Universal Monsters Week: Bride of Frankenstein (1935)
"You stay we belong dead."
Elsa Lanchester only appears in Bride of Frankenstein for a few minutes. In the first scene, she plays Mary Shelley, explaining to poet Lord Byron what her book was actually about as he goes on about how sick and exciting it is, missing the point. Lanchester/Shelley is then thrust into her own story as a woman created solely for the amusement of men, an oddity to be studied, grabbed at, and possessed.
The Bride’s time onscreen is only long enough for her to stumble around and scream, but her mystery has fascinated us so much that those few minutes were enough to create an icon. More than anything the explanation for this may be her eyes, wide pools that seem to encompass several lifetimes worth of grief, fear, confusion, and loneliness, even though she was born mere seconds ago.
The first time I saw Bride of Frankenstein, I couldn’t help but focus on how it resembled a childhood favorite, Mel Brooks' Young Frankenstein. All the performances are wildly overdone - the evil Dr. Pretorius laughing maniacally as he dines with a human skull, Elizabeth screams and gestures like a silent film star, and Frankenstein broods so hard his face seems carved out of stone. The scenes in which the Monster befriends a blind man in a cottage felt ludicrously earnest, and the Monster’s increased vocabulary lent itself to a lot of simple faux-poignant lines. Still I thought it was fun, and I enjoyed it.
A couple of years later I came back, and in this viewing something changed. My own perception of life had evolved, the way I watch movies had matured, and the initial surprised reaction of the similarities between its parody version was eliminated. What I had understood as a solid old-timey B-movie revealed itself to me - an experience so deeply sad that I could hardly bear it. It’s still very funny, even goofy, but with repeat viewings the comedy is more like a sick farce, a parody of humor and melodrama. The movie seems to want to allow us to laugh only so we have further to fall when it stops being funny.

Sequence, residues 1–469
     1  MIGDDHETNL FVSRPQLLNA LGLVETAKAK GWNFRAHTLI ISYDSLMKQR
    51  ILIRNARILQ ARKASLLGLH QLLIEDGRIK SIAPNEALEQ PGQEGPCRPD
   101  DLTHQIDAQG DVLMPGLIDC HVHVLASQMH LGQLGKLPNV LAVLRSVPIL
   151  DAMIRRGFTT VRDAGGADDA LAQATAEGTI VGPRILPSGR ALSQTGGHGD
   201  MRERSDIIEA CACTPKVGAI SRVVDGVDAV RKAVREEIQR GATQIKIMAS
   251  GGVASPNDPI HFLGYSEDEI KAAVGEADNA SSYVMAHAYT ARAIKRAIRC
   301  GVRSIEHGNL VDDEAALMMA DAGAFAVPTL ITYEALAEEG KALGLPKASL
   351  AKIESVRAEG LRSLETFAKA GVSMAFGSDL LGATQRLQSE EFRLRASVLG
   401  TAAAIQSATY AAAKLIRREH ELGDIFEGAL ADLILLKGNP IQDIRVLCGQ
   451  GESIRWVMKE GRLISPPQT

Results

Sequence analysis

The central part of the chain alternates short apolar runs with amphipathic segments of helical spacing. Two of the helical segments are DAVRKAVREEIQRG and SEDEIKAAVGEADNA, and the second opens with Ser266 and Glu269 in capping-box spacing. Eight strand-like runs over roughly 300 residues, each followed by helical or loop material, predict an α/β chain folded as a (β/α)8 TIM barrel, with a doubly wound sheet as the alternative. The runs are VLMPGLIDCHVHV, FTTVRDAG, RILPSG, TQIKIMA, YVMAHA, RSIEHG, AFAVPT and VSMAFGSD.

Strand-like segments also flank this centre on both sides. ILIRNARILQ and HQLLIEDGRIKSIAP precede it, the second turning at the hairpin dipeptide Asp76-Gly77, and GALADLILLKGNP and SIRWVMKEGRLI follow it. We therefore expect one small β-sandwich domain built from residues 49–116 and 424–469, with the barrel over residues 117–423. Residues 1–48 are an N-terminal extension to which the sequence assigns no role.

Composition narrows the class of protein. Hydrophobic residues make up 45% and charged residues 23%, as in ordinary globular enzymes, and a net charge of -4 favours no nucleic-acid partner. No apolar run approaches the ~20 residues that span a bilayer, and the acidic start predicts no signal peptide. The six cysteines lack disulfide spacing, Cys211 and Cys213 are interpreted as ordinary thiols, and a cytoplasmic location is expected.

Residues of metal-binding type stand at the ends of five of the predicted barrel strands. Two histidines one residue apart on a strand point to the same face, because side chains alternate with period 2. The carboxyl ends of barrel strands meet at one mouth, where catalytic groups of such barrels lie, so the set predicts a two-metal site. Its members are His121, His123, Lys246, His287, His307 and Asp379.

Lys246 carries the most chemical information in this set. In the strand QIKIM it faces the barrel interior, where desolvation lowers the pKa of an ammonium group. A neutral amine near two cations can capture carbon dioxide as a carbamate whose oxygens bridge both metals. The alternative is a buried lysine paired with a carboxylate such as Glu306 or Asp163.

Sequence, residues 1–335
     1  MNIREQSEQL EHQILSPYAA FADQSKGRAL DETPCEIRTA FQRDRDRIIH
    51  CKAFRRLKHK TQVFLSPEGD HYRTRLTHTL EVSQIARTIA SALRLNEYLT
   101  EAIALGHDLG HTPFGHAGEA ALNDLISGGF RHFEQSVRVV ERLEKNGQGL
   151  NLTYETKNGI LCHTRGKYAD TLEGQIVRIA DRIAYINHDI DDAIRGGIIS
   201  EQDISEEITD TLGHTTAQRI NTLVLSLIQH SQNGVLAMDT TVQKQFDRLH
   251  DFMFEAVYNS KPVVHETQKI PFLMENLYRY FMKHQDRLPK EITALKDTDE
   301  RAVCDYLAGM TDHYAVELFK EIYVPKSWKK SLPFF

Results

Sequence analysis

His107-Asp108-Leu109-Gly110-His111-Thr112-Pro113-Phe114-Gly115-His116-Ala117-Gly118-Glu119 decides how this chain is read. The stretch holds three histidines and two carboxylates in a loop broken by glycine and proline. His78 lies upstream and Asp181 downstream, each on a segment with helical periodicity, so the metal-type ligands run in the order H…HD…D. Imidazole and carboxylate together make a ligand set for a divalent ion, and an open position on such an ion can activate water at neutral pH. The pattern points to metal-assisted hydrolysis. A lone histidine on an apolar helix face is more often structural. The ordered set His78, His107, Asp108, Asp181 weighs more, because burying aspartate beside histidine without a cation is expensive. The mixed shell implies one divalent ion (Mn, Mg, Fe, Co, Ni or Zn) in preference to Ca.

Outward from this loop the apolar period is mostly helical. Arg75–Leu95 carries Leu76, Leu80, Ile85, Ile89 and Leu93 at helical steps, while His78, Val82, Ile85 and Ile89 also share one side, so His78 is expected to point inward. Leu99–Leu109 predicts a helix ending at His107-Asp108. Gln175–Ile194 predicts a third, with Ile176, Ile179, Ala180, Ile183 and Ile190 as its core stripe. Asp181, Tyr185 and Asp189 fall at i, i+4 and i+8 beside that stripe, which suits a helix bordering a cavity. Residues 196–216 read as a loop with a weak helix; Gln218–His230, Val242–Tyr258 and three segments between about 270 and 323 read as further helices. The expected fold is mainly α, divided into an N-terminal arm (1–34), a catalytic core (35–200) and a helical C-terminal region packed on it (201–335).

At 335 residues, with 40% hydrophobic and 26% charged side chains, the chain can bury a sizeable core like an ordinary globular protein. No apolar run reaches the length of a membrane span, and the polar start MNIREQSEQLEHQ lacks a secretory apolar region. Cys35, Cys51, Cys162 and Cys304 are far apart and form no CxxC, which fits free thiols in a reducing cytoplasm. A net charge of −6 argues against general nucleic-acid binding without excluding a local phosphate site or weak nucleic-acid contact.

Perhaps there is no person alive who wouldn’t feel a shred of guilt when faced with this story, as the mankind who rejected him encompasses all of us. Even after being hunted by the townspeople, after his only chance at friendship is robbed from him and he is carried off to jail bound to a pole much like Jesus to the cross, the Monster’s ultimate goodness does not waver. He resorts to violence only when he feels things he can’t understand or control, as an expression of frustration, like an infant that knows clearly what it wants but cannot make its parents understand.
The biggest tragedy, of course, is that the Monster has survived the wrath of the people in Frankenstein only to disgust his manufactured bride, that the closest being to himself still cannot relate to him. In the end, the Monster destroys himself, his bride, and Dr. Pretorius, yet spares Frankenstein and Elizabeth. With this one act, he frees himself because he can no longer bear his sadness. He frees his bride because he would rather save her from suffering than keep her as his property.
By killing Pretorius, he ensures that no other abominations will be created. He finds compassion not because he understands Frankenstein’s cruel experiments, but because he sees the way Elizabeth loves him. The Monster doesn’t choose to save a man, or even a woman, but the idea of love itself. They live in a world that he could never enter, and he preserves the one small shred of goodness he’s ever seen. He chooses to believe that with the help of Elizabeth’s love, Frankenstein is no longer a danger.
Even if you can say you would have treated him with compassion or kindness, could you also say that in the Monster’s place, you would actually save your creator, the one who sentenced you to a life of torment out of curiosity? There may be no greater tragic figure than Shelley’s Monster. His innocence is something that cannot possibly survive, and the inhospitable world that both created and killed it is one that each of us participates in.